in the American Expressionist Movement in the 50's.
Out of the two articles, I found this bit of information in the CIA article to be the most interesting:
"Dismayed at the appeal communism still had for many intellectuals and artists in the West, the new agency set up a division, the Propaganda Assets Inventory, which at its peak could influence more than 800 newspapers, magazines and public information organisations. They joked that it was like a Wurlitzer jukebox: when the CIA pushed a button it could hear whatever tune it wanted playing across the world.
The next key step came in 1950, when the International Organisations Division (IOD) was set up under Tom Braden. It was this office which subsidised the animated version of George Orwell's Animal Farm, which sponsored American jazz artists, opera recitals, the Boston Symphony Orchestra's international touring programme."
I just find it really compelling that in an attempt to assert our nations freedom and creativity(in comparison to the strictness of the USSR), origination's like the CIA would find it necessary to take direct involvement in the promotion and funding of artistic endeavors. TO imagine, that so much American artistic culture during the 50's was in many ways made possible by people who wanted to prove that we had this kind of culture in the first place.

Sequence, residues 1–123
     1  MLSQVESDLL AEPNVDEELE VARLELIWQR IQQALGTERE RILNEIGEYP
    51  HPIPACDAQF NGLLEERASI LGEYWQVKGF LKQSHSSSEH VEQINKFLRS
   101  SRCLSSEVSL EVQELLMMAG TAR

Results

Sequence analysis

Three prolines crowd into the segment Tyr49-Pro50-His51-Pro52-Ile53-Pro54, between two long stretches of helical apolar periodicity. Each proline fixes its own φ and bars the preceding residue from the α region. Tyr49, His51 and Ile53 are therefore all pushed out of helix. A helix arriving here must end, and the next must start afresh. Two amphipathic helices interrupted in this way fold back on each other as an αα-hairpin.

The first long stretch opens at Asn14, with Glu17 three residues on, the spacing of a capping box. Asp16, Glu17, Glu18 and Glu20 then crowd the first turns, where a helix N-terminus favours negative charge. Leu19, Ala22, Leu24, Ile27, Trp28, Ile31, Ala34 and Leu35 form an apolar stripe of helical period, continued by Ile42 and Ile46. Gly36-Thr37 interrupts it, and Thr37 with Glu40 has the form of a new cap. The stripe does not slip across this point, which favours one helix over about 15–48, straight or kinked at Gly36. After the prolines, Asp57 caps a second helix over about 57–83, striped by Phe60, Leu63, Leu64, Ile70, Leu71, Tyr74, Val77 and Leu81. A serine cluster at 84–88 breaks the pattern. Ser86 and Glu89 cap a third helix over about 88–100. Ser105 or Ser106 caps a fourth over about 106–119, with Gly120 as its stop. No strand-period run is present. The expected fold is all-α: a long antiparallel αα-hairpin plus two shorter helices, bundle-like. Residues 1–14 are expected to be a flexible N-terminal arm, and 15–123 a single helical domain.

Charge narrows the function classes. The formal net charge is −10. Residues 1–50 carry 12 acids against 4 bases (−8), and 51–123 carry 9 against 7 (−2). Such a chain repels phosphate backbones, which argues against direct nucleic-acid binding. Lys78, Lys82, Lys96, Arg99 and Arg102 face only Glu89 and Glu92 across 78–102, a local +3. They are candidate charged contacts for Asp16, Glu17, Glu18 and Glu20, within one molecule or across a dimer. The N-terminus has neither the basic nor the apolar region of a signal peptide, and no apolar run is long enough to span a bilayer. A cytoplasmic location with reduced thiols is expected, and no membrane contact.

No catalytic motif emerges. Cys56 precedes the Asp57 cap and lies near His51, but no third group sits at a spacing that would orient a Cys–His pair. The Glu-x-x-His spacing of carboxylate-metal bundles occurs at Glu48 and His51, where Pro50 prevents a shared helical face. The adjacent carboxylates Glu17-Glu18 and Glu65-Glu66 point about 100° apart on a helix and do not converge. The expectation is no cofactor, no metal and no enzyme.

As for the strengths and weaknesses of the two pieces:
Though undinabiley informative (&, coming from Boston University, likely more credible), the first article, Propaganda and Patronage during the Cold War, admittedly was so dense, and on occasion, repetitive, that I found it extremely difficult to read. I really wanted to like it because I found the topics of the article( propaganda, the weaponization of art during the old war, ect.) to be pretty compelling. It is possible for lengthy reading to still be engaging.
The second article succeeds where I feel the first article failed, in bringing these topics to life. Perhaps this is at the sacrifice of providing the amount of evidence and analysis that the first article does, but in my opinion, as a reader, it is well worth it. The CIA's involvement in the American Expressionist movement is bizarre( and unexpected, to me, at least) as should be presented as such.
I am particularly excited to discuss there two pieces with my peers next week.